Muslim-Jewish Ties in U.S. Flourish, but Skeptics Make Their Mark

Activists on both sides say the new harmony has staying power barring another Gaza war. That hasn't stopped some Muslims and Jews from charging NGO leaders with ulterior motives.

A Muslim woman and a Jewish woman embrace during a women's rally against President Donald Trump in Washington, D.C., January 21, 2017.
Manuel Balce Ceneta/AP

NEW YORK — The Muslim-Jewish relationship in America appears to be flowering as it never has before, with ties burgeoning at the grass roots and among leaders. But is this a tipping point?

The evidence of the harmony is everywhere. An official of the American Jewish Committee, a mainstream Zionist group, recently addressed the largest Muslim organization convention in the country. Two prominent Muslims raised $160,000 to repair Jewish cemeteries desecrated by vandals. So many women clamor to participate in local Sisterhood of Salaam-Shalom chapters that the network’s national office can hardly keep up with demand.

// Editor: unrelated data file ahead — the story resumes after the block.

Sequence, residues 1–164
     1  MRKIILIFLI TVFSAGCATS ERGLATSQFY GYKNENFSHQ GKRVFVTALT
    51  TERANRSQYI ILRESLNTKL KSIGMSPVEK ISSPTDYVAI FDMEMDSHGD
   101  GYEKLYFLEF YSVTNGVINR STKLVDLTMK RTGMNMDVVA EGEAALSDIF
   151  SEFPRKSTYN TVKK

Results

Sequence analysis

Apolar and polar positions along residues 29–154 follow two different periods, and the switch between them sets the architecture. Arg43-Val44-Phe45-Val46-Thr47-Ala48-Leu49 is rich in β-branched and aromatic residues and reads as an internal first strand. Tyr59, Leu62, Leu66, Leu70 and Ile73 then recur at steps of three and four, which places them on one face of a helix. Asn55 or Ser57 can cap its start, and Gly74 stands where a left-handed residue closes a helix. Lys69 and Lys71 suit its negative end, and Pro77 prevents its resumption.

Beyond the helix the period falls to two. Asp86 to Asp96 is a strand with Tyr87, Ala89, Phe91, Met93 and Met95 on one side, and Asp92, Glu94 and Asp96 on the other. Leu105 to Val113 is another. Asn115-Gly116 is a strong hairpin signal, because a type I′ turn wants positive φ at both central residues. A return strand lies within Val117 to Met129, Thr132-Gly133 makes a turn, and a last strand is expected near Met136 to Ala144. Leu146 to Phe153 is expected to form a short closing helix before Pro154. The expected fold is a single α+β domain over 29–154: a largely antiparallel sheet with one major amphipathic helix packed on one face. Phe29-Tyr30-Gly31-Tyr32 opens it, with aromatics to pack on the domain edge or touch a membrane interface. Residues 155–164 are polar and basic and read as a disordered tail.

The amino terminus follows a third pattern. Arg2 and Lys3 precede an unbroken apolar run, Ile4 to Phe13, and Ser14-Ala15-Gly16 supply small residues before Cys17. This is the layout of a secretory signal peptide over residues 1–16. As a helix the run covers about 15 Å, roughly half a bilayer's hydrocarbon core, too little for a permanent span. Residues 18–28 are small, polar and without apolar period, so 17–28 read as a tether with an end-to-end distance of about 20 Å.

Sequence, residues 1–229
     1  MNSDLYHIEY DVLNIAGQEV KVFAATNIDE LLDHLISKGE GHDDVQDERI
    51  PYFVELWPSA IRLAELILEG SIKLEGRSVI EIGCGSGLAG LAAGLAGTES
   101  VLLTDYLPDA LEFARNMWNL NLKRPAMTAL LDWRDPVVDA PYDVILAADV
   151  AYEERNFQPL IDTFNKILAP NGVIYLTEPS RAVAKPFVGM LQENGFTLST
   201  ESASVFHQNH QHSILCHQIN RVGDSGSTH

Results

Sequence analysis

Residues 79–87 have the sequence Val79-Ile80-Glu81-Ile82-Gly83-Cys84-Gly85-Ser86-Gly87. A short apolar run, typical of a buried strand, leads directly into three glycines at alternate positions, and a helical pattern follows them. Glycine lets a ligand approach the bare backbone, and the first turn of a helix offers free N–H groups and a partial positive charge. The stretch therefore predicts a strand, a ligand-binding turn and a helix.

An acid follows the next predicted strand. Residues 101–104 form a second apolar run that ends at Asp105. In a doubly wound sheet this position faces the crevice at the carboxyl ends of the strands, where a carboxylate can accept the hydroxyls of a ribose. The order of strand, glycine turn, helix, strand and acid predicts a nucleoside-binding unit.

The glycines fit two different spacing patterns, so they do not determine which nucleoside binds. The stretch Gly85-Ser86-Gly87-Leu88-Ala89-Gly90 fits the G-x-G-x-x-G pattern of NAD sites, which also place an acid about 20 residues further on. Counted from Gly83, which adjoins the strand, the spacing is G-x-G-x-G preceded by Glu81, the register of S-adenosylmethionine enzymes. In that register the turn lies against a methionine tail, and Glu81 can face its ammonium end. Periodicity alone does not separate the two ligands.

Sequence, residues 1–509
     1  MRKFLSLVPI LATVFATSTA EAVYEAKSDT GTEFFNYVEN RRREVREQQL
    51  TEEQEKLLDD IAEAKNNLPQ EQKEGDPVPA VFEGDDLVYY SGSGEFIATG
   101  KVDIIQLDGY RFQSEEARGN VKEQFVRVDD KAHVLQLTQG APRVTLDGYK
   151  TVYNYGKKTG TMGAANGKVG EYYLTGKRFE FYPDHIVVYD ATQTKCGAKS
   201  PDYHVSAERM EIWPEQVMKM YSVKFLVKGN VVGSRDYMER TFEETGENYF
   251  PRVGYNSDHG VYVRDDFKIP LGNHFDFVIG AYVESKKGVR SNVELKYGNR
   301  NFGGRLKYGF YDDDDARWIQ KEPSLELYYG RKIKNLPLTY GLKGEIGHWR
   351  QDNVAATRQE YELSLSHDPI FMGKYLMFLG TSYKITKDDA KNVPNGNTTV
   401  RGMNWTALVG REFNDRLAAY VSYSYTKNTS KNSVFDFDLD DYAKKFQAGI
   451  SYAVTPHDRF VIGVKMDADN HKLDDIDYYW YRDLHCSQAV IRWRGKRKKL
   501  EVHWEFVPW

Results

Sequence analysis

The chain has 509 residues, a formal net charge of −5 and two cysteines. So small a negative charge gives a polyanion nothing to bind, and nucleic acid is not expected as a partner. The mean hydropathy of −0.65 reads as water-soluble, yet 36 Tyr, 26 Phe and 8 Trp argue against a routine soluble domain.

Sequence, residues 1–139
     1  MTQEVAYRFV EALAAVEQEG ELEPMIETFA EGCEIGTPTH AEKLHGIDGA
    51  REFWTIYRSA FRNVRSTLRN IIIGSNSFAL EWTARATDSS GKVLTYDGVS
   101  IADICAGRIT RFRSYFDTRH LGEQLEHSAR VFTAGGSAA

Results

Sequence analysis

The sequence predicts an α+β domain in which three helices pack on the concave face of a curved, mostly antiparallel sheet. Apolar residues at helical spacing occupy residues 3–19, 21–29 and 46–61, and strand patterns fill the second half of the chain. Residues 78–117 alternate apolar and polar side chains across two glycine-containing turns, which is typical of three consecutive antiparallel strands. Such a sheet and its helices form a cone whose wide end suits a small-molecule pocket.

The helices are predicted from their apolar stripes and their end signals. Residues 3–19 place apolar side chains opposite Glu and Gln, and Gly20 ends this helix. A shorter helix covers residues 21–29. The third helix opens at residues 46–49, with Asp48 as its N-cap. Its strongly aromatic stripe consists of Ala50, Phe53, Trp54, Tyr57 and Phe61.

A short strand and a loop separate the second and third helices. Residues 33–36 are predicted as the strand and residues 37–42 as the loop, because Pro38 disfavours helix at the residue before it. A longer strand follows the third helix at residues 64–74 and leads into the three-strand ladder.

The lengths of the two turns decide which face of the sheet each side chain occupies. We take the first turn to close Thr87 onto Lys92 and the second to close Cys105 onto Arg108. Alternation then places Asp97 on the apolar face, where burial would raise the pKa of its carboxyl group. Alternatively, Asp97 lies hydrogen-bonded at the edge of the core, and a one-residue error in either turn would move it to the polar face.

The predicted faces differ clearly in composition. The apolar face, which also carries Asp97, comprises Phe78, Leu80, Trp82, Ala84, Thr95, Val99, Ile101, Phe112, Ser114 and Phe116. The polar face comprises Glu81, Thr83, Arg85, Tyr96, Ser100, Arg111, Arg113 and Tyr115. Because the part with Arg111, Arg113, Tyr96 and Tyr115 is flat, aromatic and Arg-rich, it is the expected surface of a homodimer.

Meanwhile, a hijab-wearing New Yorker is training members of the gay and lesbian synagogue here to be “upstanders” for Muslims. And in January, when arson destroyed a Texas mosque, a synagogue leader handed keys to his building to the imam so local Muslims had a place to worship until they rebuilt.

After decades of widespread mutual suspicion, is this new relationship rooted in having a shared enemy in the white supremacists buoyed by President Donald Trump’s election? Or does it go deeper? Though anti-normalization forces are pushing hard from both sides, people involved say the emerging closeness has the potential to lead to a deeper long-term relationship. That is, as long as Gaza doesn’t explode into a new war anytime soon.